Dr. Rath Health Foundation

Dr. Rath Health Foundation

Responsibility for a healthy world Dr. Rath Research Institute 100+ Studies Published In PubMed

Widely used blood pressure drug linked to ‘substantially increased risk’ of skin cancer


New research from Denmark has found that use of hydrochlorothiazide, a diuretic drug widely prescribed for high blood pressure, substantially increases the risk of developing skin cancer. Based on the analysis of around 80,000 Danish cases of this disease and 1.5 million healthy people, the research shows that patients taking hydrochlorothiazide had up to seven times greater risk of developing squamous cell carcinoma, one of the most common forms of skin cancer. With this drug having already been strongly associated with lip cancer, the research adds to the growing body of evidence pointing to the considerable dangers it poses to public health.

Image (left): By Smuconlaw (Own work) [CC BY-SA 4.0], via Wikimedia Commons
Image (right): By OpenStax College [CC BY 3.0], via Wikimedia Commons

In addition to raising the risk of squamous cell carcinoma, the researchers found that hydrochlorothiazide also increases the likelihood of patients developing basal cell carcinoma, another common form of skin cancer. Notably therefore, with these same Danish researchers having also published the earlier study associating hydrochlorothiazide with lip cancer, they say their findings are in line with the results of previous research from the United States and the recent classification of the drug as ‘possibly carcinogenic to humans’ by the International Agency for Research on Cancer.

Drug-induced nutrient depletion

By USPTO (United States Patent Office) [Public domain or Public domain], via Wikimedia Commons

In their classic reference book, The Drug-Induced Nutrient Depletion Handbook, Ross Pelton, PhD, and his coauthors state a little known fact: “Many of the side effects from drug therapy may not be directly due to the drug itself, but rather are the result of nutritional deficiencies that are caused by the drug when taken over time.” The primary mechanisms responsible for the depletion of nutrients, they say, include inhibition of nutrient absorption, synthesis, transport, storage, metabolism, or excretion. A large and growing number of studies now exist to prove that around 150 different classes of drugs can cause nutrient depletion. Unfortunately, however, only rarely is this information communicated to patients.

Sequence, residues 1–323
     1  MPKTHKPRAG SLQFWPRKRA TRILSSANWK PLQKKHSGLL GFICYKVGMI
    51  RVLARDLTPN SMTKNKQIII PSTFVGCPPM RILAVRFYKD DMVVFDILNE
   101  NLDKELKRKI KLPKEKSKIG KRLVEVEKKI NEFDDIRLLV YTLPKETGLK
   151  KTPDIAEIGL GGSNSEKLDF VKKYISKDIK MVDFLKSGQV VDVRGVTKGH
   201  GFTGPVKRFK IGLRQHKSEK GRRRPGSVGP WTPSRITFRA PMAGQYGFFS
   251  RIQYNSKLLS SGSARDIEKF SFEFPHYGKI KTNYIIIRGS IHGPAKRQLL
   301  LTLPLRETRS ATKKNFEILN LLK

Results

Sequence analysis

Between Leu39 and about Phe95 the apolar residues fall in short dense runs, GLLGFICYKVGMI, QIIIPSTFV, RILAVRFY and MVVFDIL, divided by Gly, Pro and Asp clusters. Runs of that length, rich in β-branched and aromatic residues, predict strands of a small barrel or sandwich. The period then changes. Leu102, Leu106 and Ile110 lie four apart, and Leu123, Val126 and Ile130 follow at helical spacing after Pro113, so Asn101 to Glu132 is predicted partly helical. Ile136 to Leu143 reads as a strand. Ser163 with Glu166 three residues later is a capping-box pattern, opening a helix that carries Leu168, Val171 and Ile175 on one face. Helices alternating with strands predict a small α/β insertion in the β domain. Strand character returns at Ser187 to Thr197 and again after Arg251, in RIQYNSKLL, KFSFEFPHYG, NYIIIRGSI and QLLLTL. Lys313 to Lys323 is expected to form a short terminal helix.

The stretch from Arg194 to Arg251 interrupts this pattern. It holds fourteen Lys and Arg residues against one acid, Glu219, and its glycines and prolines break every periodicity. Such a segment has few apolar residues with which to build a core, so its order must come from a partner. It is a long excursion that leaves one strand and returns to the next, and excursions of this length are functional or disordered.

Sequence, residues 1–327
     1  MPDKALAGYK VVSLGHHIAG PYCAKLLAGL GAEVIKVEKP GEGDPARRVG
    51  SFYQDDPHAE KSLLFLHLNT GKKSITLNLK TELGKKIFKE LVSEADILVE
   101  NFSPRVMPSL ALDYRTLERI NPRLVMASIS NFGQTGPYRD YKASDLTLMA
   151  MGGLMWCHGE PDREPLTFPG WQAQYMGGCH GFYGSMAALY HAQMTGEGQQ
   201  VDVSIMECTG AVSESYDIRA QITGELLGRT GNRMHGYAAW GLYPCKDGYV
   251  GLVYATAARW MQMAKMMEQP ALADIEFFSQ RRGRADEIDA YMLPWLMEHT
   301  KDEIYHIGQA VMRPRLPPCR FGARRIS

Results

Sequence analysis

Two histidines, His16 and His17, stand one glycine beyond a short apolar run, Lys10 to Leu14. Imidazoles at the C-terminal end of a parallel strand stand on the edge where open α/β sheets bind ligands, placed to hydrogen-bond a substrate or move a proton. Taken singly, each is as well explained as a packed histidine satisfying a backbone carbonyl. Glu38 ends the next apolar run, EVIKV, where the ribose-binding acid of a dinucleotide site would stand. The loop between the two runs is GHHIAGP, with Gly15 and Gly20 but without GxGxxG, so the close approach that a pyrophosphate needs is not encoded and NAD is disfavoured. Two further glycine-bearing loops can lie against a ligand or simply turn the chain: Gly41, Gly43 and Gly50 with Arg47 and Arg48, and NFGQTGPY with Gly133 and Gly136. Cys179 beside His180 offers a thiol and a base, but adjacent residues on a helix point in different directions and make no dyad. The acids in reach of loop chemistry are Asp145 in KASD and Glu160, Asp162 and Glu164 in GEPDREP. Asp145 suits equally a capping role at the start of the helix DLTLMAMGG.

In the case of hydrochlorothiazide, one of the particularly critical nutrients inhibited is coenzyme Q10. Significantly, a deficiency of coenzyme Q10 is well known to be associated with high blood pressure, coronary artery disease, heart failure, and other cardiovascular problems.

A serious deficiency has also been noted in patients with cancer. As such, far from providing a safe and effective long-term answer to high blood pressure, the use of hydrochlorothiazide inevitably only makes things worse. This is not a problem for the pharmaceutical industry, of course, which continues to benefit from the sale of additional drugs as the health of patients deteriorates.

Cellular Medicine provides the answer to high blood pressure

Fortunately, research conducted at the Dr. Rath Research Institute has proven that there is a safe natural alternative to drugs such as hydrochlorothiazide. Utilizing a carefully chosen group of micronutrients, the institute’s researchers demonstrated this by conducting a clinical pilot trial with high blood pressure patients aged between 32 and 60 years old.

Based on the Cellular Medicine understanding that the main cause of high blood pressure is a chronic deficiency of essential micronutrients in the smooth muscle cells that line the blood vessel walls, the patients were given a specific combination of nutrients including vitamin C, lysine, proline, arginine, magnesium, and others.

At the beginning of the clinical pilot trial, all of the patients had elevated systolic and diastolic blood pressure values. Their average systolic blood pressure value was 167 mm Hg, while their average diastolic pressure was 97 mm Hg. After taking the micronutrient combination for a period of 32 weeks, the blood pressures of all the patients had improved. At the end of the trial they had an average systolic reading of 142 mm Hg and an average diastolic reading of 83 mm Hg. These values represent a reduction in systolic pressure of 15 percent, and a reduction in diastolic pressure of more than 14 percent. 

As this Cellular Medicine trial shows, high blood pressure patients need no longer subject themselves to an increased risk of cancer and other life-threatening diseases by taking dangerous drugs such as hydrochlorothiazide. With the science to prevent and control high blood pressure naturally now in place, the eradication of this health problem as a scourge of humankind is within sight. The more people who learn about this, the sooner it will happen.

7 December, 2017